There are several familiar faces in The Ritual, and all of them give outstanding performances. Rafe Spall (Hot Fuzz, Prometheus) has arguably the most powerful performance as the troubled Luke. He clearly blames himself for not coming to the rescue and saving his fallen friend. Spall perfectly conveys Luke’s inner turmoil and why he is even more determined to save his friends in the woods. Asher Ali (The Missing, Doctor Who) plays Phil, who seems to be one of the worst effected when the group stays overnight in the cabin. He feels fear, or at least shows it the most, more than anyone else. Ali does an amazing job of making the audience feel his terror. Hutch is played by Robert James-Collier (Downton Abbey, The Level). Hutch establishes himself early as the leader of the group, and he also often acts as the peacekeeper. James-Collier exudes confidence and determination, even when his character is faced with the worst. Finally, there is Sam Troughton (AVP: Alien vs. Predator, Robin Hood) as Dom. Troughton portrays Dom as a bit of a jerk. He is the most outspoken about blaming Luke for their friend’s death, and he is the most outspoken when it comes to complaining as they all try to find their way out of the woods. Together these four actors create compelling characters who have complicated relationships.

This film has some of the most striking, yet simple, imagery I have seen in a long time. The filmmakers opted for a combination of practical and CGI effects, depending on the scene and the focus. The practical effects are very well done, and they create some of the more subtly disturbing images. The CGI, surprisingly, is what shines in this film. I won’t go into too much detail, because you should truly see it for yourself, but the creature design in this film is absolutely stunning and horrifying all at once. It stands out in my mind as one of the most original and beautiful things I have seen in a horror movie in recent memory. It is the kind of design where every time you see it you notice something new and terrible that you hadn’t noticed before. It is so spectacular it is easy to forget it is CGI. What makes the creature even more powerful is what it represents in the film which is, similar to the creature in The Babadook, guilt and how a person deals with that guilt.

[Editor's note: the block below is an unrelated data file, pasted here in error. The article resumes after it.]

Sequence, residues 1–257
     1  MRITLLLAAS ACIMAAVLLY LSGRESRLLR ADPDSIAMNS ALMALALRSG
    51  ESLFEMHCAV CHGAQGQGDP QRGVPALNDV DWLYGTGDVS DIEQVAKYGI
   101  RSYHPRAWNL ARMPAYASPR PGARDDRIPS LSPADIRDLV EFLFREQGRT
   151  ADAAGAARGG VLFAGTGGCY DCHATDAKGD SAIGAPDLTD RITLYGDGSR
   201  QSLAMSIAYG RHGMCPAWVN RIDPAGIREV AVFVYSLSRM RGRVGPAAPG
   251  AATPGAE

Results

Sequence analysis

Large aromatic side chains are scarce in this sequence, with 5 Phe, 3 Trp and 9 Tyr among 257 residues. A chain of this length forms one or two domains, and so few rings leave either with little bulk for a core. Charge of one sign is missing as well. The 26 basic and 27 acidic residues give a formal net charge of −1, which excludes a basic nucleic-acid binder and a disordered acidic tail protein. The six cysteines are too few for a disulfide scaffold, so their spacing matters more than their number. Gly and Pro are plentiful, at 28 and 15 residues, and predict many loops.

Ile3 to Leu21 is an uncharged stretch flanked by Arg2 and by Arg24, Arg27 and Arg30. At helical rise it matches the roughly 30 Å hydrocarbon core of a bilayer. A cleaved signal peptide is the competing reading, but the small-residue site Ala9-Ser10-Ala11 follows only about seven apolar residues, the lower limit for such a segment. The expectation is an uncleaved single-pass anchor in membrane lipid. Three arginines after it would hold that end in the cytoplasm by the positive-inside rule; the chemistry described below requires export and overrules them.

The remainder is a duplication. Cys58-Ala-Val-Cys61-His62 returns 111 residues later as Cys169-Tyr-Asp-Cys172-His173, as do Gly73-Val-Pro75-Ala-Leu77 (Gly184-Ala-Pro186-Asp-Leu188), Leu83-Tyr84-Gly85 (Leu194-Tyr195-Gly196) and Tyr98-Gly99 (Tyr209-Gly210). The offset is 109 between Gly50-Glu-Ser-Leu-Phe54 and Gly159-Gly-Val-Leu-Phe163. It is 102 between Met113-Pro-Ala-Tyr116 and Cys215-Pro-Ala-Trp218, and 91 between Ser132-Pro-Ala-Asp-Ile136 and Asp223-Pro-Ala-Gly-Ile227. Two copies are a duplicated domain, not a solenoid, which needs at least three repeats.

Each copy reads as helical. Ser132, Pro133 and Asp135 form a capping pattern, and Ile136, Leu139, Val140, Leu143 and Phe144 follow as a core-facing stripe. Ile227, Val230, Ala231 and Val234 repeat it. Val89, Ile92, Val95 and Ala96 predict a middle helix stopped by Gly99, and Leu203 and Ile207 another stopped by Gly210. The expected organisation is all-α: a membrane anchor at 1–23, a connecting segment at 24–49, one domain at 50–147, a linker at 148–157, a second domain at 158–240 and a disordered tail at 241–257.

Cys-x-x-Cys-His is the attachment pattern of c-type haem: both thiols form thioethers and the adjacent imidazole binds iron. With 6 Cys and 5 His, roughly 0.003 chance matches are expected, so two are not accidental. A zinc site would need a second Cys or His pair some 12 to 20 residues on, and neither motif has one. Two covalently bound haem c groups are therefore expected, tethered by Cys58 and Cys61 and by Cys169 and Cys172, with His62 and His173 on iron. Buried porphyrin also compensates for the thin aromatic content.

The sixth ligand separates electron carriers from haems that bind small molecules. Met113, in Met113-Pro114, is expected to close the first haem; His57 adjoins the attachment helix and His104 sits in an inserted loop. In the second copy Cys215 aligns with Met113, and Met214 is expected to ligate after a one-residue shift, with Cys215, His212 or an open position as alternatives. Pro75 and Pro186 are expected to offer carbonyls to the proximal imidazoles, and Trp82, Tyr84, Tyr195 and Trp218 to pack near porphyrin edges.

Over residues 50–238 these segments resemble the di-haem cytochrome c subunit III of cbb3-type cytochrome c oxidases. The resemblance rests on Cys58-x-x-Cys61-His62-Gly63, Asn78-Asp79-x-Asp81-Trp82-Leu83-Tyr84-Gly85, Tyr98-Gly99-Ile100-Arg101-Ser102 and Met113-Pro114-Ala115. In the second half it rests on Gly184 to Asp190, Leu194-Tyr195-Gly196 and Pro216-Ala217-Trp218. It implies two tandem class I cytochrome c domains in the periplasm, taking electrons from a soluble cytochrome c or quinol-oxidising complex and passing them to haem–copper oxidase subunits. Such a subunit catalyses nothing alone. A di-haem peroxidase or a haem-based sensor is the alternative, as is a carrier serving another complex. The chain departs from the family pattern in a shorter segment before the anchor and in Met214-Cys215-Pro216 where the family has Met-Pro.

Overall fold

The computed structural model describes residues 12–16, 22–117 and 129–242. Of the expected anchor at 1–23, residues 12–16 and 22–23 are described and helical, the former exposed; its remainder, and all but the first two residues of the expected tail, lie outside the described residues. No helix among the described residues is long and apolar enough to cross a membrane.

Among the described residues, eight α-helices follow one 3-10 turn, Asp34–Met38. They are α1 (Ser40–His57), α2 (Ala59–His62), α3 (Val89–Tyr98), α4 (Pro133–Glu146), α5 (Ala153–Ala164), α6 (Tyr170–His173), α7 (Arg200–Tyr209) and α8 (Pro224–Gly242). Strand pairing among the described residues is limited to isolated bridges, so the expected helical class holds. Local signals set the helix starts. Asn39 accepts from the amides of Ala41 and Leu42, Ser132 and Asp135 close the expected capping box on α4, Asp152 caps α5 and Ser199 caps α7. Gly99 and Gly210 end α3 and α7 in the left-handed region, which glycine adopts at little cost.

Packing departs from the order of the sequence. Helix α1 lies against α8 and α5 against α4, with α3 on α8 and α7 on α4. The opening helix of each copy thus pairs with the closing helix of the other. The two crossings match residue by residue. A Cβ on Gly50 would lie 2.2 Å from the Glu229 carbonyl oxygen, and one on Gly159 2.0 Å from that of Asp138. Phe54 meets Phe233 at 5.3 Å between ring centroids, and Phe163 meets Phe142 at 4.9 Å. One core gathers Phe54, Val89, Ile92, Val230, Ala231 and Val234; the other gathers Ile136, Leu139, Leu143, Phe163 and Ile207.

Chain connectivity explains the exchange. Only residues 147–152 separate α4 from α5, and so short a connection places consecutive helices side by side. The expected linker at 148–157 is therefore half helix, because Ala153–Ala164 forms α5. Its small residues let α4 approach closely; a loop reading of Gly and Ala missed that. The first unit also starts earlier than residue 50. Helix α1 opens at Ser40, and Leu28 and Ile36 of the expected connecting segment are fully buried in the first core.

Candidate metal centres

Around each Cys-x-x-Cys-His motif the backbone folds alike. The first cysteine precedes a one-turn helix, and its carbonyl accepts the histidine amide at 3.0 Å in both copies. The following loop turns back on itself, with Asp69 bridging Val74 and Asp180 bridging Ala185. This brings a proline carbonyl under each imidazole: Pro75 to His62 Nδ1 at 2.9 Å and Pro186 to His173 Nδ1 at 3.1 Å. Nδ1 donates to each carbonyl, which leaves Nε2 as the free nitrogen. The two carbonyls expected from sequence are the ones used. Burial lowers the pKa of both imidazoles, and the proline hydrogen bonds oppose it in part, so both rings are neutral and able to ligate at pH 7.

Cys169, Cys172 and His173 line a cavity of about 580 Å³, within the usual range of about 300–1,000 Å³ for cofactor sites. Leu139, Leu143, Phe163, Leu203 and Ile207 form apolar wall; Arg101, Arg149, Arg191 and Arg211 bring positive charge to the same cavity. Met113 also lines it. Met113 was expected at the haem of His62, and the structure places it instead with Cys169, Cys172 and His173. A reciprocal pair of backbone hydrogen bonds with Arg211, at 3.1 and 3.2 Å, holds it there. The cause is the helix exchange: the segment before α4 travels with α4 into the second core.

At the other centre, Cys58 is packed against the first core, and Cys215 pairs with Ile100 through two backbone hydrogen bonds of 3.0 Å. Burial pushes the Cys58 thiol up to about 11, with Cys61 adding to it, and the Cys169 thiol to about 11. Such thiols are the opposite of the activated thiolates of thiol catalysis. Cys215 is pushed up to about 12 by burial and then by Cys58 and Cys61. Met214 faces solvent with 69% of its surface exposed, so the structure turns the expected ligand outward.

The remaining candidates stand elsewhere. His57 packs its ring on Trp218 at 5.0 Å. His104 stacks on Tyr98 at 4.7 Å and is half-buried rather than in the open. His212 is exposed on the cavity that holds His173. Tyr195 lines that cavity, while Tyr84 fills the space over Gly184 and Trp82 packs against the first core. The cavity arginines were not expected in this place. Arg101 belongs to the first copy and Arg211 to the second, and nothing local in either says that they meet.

The Ritual is a character-driven film that takes four friends down a sinister and unearthly path. The way the characters are written, and how they are acted, grounds the story as it spirals further away from what we know as real. It has beautiful cinematography and music that only adds to the eerie nature of the film. Then, of course, there is the creature design that is sure to be a highlight for horror fans. Between the acting and the CGI creature, it is difficult to determine what the best aspect of this film is. Whichever you choose, this film is likely to be a favorite horror film this year and beyond.

OVERALL RATING: 9.5/10